Site Management Organization – The Future
December 1, 2017
Clinical trial is the most time consuming phase in development of any new drug. In order to reduce this time line large numbers of pharmaceutical companies now choose to outsource their clinical trials to a more professional clinical research organization. Furthermore, with ever increase in number and different types of trials based on treatment, prevention, early detection/screening, diagnostic and quality of life/supportive care, clinical trial market is growing at a very rapid pace.
However, there are several challenges in regards to this with patient recruitment and retention, conducting trials as per ICH-GCP guidelines, finding GCP trained investigators, handling regulatory issues with specific country requirements, providing high quality data, meeting enrollment timelines and thereby providing adequate research support becomes a daunting task. This is where Site Management Organization (SMO) plays a major role especially within emerging markets like India, where clinical trial market is growing at an astonishing rate.
• Large population of more than 1 billion.
• Cultural, socio-economic, genetically diverse population pool.
• Huge treatment of naive patient population.
• Availability of large number of qualified dedicated scientists and medical professionals
• Good command over English language.
• Amendments to regulatory approvals, patent act and schedule Y under drugs & cosmetics act.
• Improved human subject protection, protective government initiative and FDA acceptance, improved quality of data,
• Increased awareness for ICH-GCP and other regulatory guidelines, cost advantage and having world class infrastructure.
The global CRO market in 2000 was 6.38 billion USD and rose to 23.65 billion USD in 2010. As per the data from 2006-2008, CRO business has grown 84% as against the global average of 12%. The numbers of clinical trial contracts have doubled in last six months (800 to 1560).
As per CDSCO the Indian Pharmaceutical market is worth 20 billion USD. The industry exports has jumped from 0.184 billion USD to 8.6 billion USD in last two decades. The number of applications received/processed is 10160 to 19088 from the year 2005-2009 with simultaneous increase in NDA. The ANDA filing is second to USA. These statistics ensures a great business for SMO’s which are growing at 50% in the country. The SMO’s acquire 30% of the Rs 500 Crore recorded by CRO segment.
• Conduction of a clinical trial is very expensive and time consuming in developed economies like North America, Europe, and Latin America as compared to India. The availability and recruitment of patients is also quite challenging in countries like US. Statistics show that only 6% of eligible patients actually participate in the trial, as a result 87% of the trials are behind their recruitment schedule. Whereas in India recruitment is three fold faster with companies saving 68% of time in recruiting patients. But, their retention is a serious issue due to lack of regular follow up, protocol adherence, and data quality.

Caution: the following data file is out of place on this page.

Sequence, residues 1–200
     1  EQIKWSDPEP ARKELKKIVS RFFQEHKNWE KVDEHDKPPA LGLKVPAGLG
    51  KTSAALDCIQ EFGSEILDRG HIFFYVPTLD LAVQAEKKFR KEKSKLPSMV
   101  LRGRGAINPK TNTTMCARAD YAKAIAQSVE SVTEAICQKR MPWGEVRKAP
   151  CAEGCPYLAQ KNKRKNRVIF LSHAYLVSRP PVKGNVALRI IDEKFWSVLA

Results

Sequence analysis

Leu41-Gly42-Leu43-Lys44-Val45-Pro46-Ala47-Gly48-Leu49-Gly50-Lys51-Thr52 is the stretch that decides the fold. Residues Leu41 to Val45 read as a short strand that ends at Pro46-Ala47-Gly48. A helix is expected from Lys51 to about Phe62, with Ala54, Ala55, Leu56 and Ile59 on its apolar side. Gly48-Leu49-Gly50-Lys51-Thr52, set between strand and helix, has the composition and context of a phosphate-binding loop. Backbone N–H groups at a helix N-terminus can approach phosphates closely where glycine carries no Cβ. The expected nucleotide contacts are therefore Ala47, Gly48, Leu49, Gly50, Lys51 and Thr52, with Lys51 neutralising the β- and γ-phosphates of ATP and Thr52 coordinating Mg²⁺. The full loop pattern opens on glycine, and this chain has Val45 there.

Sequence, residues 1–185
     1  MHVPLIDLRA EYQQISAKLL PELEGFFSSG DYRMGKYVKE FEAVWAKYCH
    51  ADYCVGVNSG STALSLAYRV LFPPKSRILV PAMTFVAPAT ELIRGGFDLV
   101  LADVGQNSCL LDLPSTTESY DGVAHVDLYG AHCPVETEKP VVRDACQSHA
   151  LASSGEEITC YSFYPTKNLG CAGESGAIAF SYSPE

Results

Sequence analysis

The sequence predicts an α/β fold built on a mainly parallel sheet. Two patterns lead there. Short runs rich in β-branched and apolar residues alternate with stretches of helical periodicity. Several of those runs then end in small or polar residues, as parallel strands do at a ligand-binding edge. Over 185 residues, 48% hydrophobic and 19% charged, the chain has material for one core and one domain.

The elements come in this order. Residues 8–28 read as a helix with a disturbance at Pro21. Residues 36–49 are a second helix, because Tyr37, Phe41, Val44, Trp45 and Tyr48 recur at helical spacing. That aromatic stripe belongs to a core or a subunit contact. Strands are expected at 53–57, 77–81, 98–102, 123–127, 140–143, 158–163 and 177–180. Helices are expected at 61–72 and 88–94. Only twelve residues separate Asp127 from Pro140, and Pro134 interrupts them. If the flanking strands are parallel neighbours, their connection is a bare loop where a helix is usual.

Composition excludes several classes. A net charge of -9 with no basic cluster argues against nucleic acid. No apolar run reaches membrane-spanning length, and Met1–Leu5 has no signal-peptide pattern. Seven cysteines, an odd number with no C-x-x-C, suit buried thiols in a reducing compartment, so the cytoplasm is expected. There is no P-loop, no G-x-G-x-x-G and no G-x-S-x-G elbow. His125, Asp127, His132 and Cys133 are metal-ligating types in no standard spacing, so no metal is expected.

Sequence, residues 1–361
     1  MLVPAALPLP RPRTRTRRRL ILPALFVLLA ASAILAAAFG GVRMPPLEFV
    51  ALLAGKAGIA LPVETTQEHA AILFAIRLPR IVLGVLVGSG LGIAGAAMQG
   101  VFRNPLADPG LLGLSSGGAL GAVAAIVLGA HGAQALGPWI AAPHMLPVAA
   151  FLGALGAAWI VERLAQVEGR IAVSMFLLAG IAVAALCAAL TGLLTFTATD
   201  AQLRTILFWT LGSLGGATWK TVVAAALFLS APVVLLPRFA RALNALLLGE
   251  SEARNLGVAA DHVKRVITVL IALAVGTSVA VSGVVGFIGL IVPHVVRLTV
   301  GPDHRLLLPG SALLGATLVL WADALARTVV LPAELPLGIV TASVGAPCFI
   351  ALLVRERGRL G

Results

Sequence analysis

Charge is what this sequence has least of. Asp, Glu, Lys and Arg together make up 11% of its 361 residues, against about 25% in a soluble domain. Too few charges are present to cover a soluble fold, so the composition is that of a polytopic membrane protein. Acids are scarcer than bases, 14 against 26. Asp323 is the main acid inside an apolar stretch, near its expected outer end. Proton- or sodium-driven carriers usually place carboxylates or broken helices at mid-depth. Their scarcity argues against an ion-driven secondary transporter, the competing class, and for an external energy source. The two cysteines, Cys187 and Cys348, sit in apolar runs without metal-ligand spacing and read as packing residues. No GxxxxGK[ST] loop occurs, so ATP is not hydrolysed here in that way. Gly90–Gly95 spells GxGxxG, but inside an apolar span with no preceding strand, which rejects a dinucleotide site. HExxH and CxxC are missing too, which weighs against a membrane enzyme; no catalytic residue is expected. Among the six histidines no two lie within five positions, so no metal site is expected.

• Trained GCP investigators and research staff is below the requirement. Statistics show that there were around 200-250 GCP trained investigators in 2002 which rose to 500-1000 in 2005. This reveals that lack of GCP training is there among potential investigators. Choosing a site which has a large inflow of patients and is easily accessible with a well developed transportation system.
• Many Pi’s are preloaded with many clinical trials and don’t have time for any new trials.
• As different countries have different regulations, meeting those regulatory requirements becomes a daunting task for a trial and selection of sites eventually. Some sites are not ready to give pre-feasibility questions withholding key information.
• Budget negotiations and ethical issues in conduct of a trial.
• Recruitment of study subjects by initiating investigators in adherence to protocol requirements. Retention of study subjects is done by continuous reminders and calls to the subjects by the study coordinators at scheduled visits and taking care of patients well being.
• Training of young, dynamic and inexperienced new site staff and updating existing staff with GCP guidelines, regulatory requirements, source documents, ICF, CRF, SAE reporting and safety management and providing them with complete understanding of their responsibilities in conducting clinical trials. During site training emphasizing on important points while considering protocol specific requirements.
• Providing a general feasibility questionnaire that gives complete information about the site, patient’s inflow, total Pi’s available for each TA and accessibility to sites.
• Providing a study personnel who can negotiate budget as per the sponsor requirements and participate in ethical committee issues and thereby communicating the same to Sponsor/CRO.
SMO’s have made enormous contribution in overcoming several clinical hurdles throughout the conduct of the study and thus reassuring escalation of the market. Pharma majors and CRO’s would greatly benefit working with SMO’s for more productive research and providing extensive cost advantage. The much apprehension regarding quality of data and time factor in conduct of clinical trial can henceforth be reassured in working with the SMO’s. An ever increasing number of hospitals, doctors and medical institutions provide a rich scope of SMO’s expanding their network throughout the country and reaching even to tier-2 cities. In summary, SMO plays a key role in bridging the gap between Site and Sponsor/CRO accelerating the patient enrollment and taking trials to next phase faster.